Gawain Wells' third-great-grandmother
Yet another Hannah--Hannah Ladd Tupper was descended from Hannahs and produced a whole line of more Hannahs.
Thursday, August 11, 2011
Wednesday, August 10, 2011
Tuesday, August 9, 2011
Monday, August 8, 2011
I've been asked by a few people how they would go about creating their own ancestral birthday blog--so here are my recommendations! It's about time to get started on it if you'd like to create one for 2012.
1. choose who the party is for
Start by assessing which ancestors you want to feature. I wanted to do everyone on both my side and my husband's side about whom I knew enough to say something more than their birth and death dates. But a blog featuring one ancestral line a year, or just great-grandparents for example, would also be wonderful. Look at other genealogy blogs for ideas (search here) on content and layout.
2. save the date
Plot their birthdays on a calendar to get an idea of how busy the year ahead will be. I did this manually by looking through my genealogy database, adding them into my google calendar, and using a calculator to see how old everyone would be now. (Turns out someone has come up with an automated way to do that which you can read about here.) I saw that I had a few people whose birthdays fell on the same day as each other, but for the most part about a dozen to fifteen birthdays a month, which seemed like a manageable amount. Print out your schedule so you don't forget anyone.
3. shop for gifts
Start collecting digital copies of the photos you want to use. While I had a number of photos scanned, there were others I had to hunt down from relatives, borrow from my mom's photo album, or beg from my mother-in-law. I created desktop photo folders for each grandparent's line to make it easy to find the ones I needed to upload. (Be aware of copyright issues using others' photos.)
Start collecting writings you want to use, either as summaries or the basis for your own posts--previously published histories, websites found through google you want to link in, old journals, tributes or obituaries already written. I have a color-coded file system with a folder for each couple, which makes it easy to pull out info on the person I'm working on. You can copy and paste from other documents or files, and draft things in advance. (Be aware of copyright issues and fair use restrictions if you're copying from others, and also be considerate of information on living people posted online.)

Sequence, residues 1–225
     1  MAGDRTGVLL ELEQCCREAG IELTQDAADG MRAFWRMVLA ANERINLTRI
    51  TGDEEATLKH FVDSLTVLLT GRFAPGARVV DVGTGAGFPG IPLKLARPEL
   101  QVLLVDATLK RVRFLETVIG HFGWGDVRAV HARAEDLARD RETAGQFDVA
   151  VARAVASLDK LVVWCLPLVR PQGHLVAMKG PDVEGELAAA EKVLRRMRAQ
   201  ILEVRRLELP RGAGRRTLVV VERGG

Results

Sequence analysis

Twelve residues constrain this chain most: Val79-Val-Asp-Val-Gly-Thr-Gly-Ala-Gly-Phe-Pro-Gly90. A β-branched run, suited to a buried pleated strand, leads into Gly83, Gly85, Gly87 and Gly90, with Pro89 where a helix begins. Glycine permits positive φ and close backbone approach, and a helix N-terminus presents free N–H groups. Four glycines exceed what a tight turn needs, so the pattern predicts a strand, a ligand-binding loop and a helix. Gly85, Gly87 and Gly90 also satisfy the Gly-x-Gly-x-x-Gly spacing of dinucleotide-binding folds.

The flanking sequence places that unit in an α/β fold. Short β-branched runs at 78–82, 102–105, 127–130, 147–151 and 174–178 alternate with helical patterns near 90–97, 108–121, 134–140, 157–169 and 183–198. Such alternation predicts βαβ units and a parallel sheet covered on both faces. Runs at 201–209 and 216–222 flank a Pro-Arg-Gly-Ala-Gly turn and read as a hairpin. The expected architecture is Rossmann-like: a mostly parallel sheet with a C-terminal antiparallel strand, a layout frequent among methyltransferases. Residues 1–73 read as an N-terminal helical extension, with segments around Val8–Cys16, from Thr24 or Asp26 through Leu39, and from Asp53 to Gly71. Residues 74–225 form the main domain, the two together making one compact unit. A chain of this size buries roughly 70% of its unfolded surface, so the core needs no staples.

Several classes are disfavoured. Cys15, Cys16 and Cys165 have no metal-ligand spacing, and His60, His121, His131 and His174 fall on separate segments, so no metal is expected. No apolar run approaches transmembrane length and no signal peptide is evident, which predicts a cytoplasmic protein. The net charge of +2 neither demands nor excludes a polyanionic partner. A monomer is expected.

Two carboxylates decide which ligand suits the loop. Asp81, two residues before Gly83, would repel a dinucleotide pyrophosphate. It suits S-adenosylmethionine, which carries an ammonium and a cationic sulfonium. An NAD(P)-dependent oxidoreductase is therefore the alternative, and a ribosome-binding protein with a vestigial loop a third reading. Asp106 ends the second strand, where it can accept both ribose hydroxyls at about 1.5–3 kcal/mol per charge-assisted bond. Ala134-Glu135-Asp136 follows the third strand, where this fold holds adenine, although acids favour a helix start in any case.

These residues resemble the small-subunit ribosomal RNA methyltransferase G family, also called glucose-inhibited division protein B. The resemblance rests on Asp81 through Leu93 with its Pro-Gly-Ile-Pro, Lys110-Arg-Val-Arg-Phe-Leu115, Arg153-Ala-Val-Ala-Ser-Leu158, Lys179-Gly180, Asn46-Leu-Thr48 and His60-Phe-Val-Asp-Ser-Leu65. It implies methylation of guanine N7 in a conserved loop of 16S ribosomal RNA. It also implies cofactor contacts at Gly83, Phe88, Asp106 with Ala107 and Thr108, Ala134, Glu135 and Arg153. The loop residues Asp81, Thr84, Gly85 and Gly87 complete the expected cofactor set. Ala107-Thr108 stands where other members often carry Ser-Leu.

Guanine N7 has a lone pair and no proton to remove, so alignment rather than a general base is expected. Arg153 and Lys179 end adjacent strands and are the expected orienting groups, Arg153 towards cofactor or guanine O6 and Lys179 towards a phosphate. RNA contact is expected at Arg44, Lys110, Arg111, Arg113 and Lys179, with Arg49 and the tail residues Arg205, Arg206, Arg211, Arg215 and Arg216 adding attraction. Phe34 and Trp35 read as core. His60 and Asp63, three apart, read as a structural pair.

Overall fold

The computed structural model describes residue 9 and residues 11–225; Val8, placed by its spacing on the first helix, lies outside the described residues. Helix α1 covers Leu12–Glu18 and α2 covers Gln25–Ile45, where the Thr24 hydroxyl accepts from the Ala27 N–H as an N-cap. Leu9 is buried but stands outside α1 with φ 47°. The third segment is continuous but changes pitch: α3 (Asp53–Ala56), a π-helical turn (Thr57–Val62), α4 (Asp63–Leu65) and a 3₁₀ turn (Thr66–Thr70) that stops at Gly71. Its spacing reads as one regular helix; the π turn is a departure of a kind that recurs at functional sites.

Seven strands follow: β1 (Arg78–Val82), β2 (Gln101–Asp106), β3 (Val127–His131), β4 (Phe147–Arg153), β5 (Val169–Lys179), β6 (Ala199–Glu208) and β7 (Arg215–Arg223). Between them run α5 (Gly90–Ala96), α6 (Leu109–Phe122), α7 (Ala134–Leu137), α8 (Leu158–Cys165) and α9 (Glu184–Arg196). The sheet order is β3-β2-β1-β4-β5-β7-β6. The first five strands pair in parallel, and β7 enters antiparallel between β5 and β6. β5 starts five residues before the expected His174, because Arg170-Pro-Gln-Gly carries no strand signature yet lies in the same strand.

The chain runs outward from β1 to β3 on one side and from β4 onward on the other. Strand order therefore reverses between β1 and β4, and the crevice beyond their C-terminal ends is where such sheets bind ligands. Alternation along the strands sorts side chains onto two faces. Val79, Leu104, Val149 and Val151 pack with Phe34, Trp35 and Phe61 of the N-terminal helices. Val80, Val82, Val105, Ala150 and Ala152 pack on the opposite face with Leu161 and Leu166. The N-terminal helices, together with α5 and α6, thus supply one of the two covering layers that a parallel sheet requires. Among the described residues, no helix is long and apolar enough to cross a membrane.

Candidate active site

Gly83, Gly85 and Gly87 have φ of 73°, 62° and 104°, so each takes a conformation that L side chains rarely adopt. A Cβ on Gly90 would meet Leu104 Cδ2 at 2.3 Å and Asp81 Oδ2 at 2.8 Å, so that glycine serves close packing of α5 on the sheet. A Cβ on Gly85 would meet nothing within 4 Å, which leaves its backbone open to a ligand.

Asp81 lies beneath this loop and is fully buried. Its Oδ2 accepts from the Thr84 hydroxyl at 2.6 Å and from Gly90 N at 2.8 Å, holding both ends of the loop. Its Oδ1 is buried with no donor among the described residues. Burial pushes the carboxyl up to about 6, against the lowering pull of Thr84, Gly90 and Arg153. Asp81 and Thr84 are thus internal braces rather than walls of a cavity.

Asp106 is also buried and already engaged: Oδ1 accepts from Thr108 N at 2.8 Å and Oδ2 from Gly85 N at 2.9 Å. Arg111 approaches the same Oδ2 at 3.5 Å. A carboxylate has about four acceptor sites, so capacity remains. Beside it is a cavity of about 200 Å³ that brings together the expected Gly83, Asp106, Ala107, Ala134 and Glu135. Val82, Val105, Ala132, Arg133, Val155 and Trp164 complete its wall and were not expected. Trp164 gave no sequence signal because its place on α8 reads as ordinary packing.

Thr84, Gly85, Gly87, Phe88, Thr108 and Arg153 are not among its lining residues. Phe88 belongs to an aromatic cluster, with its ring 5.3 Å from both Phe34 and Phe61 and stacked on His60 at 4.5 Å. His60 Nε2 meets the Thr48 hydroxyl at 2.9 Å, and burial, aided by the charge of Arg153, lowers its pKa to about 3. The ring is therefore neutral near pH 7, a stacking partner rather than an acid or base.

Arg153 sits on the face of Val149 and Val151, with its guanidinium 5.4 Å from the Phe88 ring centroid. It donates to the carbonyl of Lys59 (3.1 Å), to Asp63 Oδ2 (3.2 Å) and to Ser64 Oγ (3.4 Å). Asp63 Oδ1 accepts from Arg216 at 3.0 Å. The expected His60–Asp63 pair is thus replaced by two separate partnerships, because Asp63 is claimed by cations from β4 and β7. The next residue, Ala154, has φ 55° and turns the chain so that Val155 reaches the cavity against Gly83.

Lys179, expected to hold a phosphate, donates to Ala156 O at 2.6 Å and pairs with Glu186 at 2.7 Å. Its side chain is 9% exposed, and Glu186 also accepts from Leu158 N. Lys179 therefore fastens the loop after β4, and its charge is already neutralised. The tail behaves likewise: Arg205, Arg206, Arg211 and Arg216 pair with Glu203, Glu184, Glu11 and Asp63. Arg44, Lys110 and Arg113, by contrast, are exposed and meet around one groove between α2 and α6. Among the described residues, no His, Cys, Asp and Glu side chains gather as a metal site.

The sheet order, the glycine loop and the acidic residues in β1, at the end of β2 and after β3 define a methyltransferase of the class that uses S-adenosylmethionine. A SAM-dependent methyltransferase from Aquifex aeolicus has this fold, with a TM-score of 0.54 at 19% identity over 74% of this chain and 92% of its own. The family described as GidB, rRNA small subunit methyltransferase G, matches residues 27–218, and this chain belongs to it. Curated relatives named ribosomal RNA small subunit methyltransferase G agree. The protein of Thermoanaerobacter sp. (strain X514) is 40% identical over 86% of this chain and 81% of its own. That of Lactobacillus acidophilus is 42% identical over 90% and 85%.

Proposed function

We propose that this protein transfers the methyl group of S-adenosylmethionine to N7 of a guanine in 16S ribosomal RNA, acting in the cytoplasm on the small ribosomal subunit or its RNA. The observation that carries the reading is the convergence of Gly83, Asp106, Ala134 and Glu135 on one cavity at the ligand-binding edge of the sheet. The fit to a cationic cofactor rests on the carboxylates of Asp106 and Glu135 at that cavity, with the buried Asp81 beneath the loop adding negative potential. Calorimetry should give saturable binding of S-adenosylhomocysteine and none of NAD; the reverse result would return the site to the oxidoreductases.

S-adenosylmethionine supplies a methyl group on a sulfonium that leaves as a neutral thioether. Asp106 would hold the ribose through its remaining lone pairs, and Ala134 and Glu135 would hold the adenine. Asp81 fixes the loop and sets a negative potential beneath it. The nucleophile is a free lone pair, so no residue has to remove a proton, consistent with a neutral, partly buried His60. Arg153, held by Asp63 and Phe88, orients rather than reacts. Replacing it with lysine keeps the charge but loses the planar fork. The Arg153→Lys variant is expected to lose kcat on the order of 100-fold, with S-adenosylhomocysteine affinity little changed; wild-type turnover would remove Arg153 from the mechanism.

5. bake the cake
Create a blog. Mine is hosted on blogger which has been user-friendly and easy to navigate. (Enlist technical support from your teenager.) I also paid for some design help from Sadie Olive, who had done my friend's blog, since I had a particular look I wanted to create. Find an image you want to feature, such as the party tree for the banner I purchased from istock. Again, spend some time browsing other blogs to see what kind of format and layout best fit your needs and style. Customize the blog settings so the comments and site feed and posting is done how you want it.
6. reserve a time
The wonderful thing about blogs is you can schedule them to post ahead at a certain date and time. Since my ancestral birthday dates aren't flexible, I work ahead to prepare posts in advance. That way, when I know I have a busy week or will be out of town, I don't miss anyone. (In fact, my month of May was incredibly busy working on this blog, trying to draft most of my summer posts since I knew my time then would be limited with kids home from school.)
7. invite guests to the party
Once the blog is up and running, share links with extended family members, cross-post to facebook, try to get it out there so it can be found by google searches (the technical term for this is SEO, search engine optimization). Many genealogy blogs link in with the geneabloggers community (the writing hand image on the top right of my page). Even though someone may share only two of my dozens of ancestors, I want to connect with that branch. I was thrilled the other day to hear from a distant Perkes relative in Canada who found my blog on a google search. Contact relatives you find online through ancestry.com or familysearch. Especially share links with teens (the technical generation) in the family. (Watch to see how your work is being used or copied through the fair share attributor search.)
It's been very rewarding--celebrate!